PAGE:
Midus Website Home

Project 5 - Neuroscience Project


The Neuroscience Study is Project 5 of the MIDUS longitudinal study, a national survey of more than 7,000 Americans (aged 25 to 74) begun in 1994. The purpose of the larger study was to investigate the role of behavioral, psychological, and social factors in understanding age-related differences in physical and mental health. With support from the National Institute on Aging, a longitudinal follow-up of the original MIDUS samples [core sample (n = 3,487), metropolitan over-samples (n = 757), twins (n = 957 pairs), and siblings (n = 950)] was conducted in 2004-2006. Guiding hypotheses, at the most general level, were that behavioral and psychosocial factors are consequential for health (physical and mental).

The Neuroscience Project of MIDUS 2 contains data from 331 respondents. These respondents include two distinct subsamples, all of whom completed both the Project 1 Survey and the Project 4 biomarker assessment at University of Wisconsin-Madison: (1) longitudinal (n = 223) and (2) Milwaukee (n = 108). The Milwaukee group contained individuals who participated in the baseline MIDUS Milwaukee study, initiated in 2005. The purpose of the Neuroscience Project was to examine the central circuitry associated with individual differences in affective style that represent a continuum from vulnerability to resilience, and characterize some of the peripheral consequences of these central profiles for biological systems that may be relevant to health. The primary aims were to: (1) characterize individual differences in both emotional reactivity and emotional recovery using psychophysiological measures such as corrugator electromyography and eyeblink startle magnitude, (2) characterize individual differences in brain morphology, (3) characterize individual differences in activity within the neural circuitry of emotion regulation using electroencephalography, and (4) test the ability of the central indices in this project to predict the comprehensive array of health, cognitive, psychological, social, and life challenge factors assessed in the other MIDUS projects. To probe individual differences in emotional reactivity and recovery (a key component of regulation) the Neuroscience Project examined psychophysiological measures during the presentation of emotional (positive and negative) and neutral pictures, and these same measures during a post-picture period. The logic of this strategy is that continued activation during the recovery period following a negative stimulus is indicative of poor automatic emotion regulation. Respondents in the Neuroscience Project are a representative subsample of the MIDUS (Midlife in the United States) survey.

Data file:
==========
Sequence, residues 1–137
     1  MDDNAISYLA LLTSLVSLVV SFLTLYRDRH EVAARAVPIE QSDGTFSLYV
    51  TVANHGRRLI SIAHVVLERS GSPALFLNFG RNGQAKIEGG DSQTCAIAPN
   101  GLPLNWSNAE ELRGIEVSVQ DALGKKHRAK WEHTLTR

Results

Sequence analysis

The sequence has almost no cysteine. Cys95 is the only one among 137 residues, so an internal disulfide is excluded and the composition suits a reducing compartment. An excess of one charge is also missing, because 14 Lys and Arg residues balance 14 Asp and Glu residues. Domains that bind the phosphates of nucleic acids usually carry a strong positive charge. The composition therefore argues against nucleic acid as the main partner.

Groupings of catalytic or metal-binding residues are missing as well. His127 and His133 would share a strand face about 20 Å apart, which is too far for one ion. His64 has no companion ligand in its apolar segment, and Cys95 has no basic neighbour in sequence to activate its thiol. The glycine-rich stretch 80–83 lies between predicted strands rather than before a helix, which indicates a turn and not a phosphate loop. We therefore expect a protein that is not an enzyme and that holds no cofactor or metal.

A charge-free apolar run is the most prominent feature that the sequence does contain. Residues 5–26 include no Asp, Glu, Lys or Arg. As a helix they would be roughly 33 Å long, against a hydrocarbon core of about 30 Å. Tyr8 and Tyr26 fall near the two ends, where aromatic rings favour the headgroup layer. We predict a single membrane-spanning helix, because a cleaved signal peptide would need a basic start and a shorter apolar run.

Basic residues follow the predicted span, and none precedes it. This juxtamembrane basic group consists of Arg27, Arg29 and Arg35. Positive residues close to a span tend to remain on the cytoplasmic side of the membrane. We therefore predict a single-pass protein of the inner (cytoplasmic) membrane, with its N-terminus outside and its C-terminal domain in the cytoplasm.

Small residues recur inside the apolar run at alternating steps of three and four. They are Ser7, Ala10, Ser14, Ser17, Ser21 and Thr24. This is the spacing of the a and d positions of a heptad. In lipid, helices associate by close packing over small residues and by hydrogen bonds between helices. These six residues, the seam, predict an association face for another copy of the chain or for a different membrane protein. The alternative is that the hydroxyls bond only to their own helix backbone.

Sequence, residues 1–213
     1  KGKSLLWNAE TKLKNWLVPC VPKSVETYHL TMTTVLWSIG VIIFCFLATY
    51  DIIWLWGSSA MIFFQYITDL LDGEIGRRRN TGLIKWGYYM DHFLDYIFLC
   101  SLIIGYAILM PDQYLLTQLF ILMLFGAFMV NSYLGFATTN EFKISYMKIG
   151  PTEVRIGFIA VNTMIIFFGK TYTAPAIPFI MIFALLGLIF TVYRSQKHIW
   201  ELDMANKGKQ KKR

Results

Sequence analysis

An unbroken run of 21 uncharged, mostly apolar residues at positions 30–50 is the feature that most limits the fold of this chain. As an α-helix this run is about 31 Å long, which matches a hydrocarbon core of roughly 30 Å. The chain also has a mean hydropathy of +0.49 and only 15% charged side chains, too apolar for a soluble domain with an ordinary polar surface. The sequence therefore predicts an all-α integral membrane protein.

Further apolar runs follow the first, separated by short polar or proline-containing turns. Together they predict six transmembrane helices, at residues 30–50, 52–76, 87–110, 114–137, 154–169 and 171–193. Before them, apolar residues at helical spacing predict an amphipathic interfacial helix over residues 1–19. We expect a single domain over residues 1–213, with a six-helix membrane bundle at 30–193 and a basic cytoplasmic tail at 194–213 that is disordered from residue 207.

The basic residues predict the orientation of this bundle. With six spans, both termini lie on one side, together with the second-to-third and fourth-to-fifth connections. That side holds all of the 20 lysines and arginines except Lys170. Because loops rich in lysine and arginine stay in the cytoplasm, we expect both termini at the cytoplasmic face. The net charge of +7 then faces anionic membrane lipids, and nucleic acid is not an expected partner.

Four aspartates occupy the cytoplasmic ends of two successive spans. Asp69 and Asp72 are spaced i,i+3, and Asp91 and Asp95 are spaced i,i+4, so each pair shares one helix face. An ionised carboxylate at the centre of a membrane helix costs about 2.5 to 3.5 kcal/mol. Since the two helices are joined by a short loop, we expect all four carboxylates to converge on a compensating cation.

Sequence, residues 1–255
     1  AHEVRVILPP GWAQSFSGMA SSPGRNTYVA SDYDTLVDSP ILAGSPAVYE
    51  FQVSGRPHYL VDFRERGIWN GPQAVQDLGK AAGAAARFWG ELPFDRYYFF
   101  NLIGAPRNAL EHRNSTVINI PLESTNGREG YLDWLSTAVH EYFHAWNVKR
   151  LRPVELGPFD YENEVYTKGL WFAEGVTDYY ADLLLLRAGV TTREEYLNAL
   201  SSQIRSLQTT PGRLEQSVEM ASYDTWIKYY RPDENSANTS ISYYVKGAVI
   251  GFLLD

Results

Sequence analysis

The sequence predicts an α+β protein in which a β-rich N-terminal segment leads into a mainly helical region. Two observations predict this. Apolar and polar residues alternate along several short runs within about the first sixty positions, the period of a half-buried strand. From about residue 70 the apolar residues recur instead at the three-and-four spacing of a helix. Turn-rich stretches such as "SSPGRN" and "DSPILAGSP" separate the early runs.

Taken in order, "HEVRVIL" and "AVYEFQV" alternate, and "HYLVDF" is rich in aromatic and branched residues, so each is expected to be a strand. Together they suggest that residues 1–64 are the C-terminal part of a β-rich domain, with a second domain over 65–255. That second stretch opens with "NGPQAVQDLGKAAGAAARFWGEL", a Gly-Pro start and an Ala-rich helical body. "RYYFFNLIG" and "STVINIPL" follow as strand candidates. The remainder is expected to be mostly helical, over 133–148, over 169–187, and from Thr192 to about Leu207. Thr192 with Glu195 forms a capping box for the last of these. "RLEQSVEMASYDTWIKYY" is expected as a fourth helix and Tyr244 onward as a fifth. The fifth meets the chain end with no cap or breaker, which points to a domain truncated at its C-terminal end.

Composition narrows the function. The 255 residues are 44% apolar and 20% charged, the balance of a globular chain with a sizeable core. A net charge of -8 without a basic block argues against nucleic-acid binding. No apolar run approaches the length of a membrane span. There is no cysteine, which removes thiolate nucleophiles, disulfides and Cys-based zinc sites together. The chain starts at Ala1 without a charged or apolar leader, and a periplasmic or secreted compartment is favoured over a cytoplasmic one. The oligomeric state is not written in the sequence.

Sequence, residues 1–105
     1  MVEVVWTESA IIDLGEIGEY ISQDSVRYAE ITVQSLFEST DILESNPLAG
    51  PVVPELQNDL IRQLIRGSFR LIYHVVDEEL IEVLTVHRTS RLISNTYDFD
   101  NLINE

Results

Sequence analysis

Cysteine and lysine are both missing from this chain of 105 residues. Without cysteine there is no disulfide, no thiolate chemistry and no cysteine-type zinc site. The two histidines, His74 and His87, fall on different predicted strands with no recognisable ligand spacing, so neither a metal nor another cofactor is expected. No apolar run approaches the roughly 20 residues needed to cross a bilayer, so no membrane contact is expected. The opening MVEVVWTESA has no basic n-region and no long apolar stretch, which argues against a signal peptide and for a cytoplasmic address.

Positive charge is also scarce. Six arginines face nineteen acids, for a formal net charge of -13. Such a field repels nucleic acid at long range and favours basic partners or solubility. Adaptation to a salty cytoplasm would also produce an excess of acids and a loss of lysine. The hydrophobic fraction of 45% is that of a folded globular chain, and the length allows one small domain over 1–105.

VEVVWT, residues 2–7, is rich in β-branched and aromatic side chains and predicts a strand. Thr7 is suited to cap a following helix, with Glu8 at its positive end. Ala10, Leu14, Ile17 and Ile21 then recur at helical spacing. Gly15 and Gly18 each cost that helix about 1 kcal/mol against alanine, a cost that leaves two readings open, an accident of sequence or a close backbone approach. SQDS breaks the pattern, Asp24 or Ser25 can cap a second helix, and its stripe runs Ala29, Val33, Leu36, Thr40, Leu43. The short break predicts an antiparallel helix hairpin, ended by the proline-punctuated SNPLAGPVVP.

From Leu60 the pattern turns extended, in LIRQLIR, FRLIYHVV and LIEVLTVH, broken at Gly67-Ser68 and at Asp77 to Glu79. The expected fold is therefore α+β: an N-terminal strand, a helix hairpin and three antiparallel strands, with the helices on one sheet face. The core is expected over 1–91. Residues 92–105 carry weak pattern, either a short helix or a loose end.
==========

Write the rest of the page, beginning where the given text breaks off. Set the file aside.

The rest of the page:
Project 5 Documentation
©2011 University of Wisconsin - Madison, Institute on Aging